Reviewed by KM Lockwood.
Published by Corgi in August 2012‘I pulled my hood over my head and dropped down from the building, landing in their midst, my heart pounding. My foes roared with anger, their mouths scarlet, teeth clogged with human flesh.’
Twenty-five years ago the world changed forever. A great war, which had raged for three years ended, and the reign of the Demons began... Within the crumbling walls of Fire City, fifteen-year-old Martha is a member of the resistance, a small band of humans fighting for freedom in a lawless and horrifying new world. Amidst the chaos of battle arrives Jonah, a handsome stranger with a thirst for revenge and a power to destroy the Demon rulers. As Martha and Jonah’s lives collide, the future of the resistance is altered forever. The battle for humankind will now begin. An epic story of catastrophe, survival and the power of humanity by multi-award winning author Bali Rai.
As you will have gathered from the short extract above, this book has its gory moments. The striking cover conveys the dystopian future portrayed in Bali Rai’s story (although crossbows don’t feature much, but demons definitely do). This should
appeal to its target audience of older teens and young adults – and the book certainly lives up to its image.
Fire City is recommended for confident readers who also enjoy violent films and games set in the near-future. The portrayals of carnage and its effects are graphic – this is not suitable for younger or more sensitive readers. Indeed less experienced readers might be confused by the shifting points of view and changes in time. These allow us to see the same event from different perspectives – a film-like technique which adds depth and complexity to this fast-moving tale.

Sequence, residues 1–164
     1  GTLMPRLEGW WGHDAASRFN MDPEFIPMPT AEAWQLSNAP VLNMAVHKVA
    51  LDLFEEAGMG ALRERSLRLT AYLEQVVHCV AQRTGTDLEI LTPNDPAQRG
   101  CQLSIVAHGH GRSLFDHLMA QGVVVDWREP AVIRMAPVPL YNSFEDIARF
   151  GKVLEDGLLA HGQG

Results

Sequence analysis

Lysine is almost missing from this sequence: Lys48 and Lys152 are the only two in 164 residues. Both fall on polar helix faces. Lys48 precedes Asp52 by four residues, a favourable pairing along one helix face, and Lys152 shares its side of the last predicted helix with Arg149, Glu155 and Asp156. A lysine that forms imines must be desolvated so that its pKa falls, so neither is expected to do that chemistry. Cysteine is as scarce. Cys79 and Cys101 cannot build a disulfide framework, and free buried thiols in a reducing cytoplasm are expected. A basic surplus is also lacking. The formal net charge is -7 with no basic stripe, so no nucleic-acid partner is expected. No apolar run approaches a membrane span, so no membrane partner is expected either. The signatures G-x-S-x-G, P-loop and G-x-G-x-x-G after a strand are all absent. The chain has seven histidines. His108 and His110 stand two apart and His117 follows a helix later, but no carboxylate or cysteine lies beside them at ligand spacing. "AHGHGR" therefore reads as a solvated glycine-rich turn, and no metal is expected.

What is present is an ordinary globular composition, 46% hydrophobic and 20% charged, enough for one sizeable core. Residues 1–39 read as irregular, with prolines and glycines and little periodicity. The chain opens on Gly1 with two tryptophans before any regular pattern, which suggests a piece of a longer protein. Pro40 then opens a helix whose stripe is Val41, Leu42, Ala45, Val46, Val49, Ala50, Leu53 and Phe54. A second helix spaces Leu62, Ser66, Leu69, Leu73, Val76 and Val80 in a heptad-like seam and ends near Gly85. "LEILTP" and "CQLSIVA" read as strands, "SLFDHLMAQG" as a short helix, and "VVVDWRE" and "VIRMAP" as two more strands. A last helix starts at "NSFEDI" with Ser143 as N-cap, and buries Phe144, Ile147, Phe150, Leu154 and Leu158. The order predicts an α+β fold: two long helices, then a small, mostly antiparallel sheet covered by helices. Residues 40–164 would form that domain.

The novel includes both personal stories and an element of wider political events that affect the characters we follow. This makes the twisting, turning plot more credible and relevant to the reader. As it says in the publisher’s blurb: think Hunger Games meets Terminator – with demons! You know it’s not going to be a nice cosy read.
I was impressed and pleased by the range of characters in The Resistance – there are strong female leads, a variety of ages and backgrounds and some touching emotional back-stories ( to say more might give spoilers). I also thought the elements of betrayal and uncertainty were well-handled – and very appropriate for the target readership. It is a complex plot – and very definitely leaves plenty of room for sequels, and possibly a prequel.
Despite the length and changes of perspective, it is not a difficult read. You would choose this for someone who likes graphic novels, post-apocalyptic films and games – and can cope with gruesome episodes. It might feature violence and deceit but fundamentally the story is on the side of humanity – there is gore but at its centre there is hope.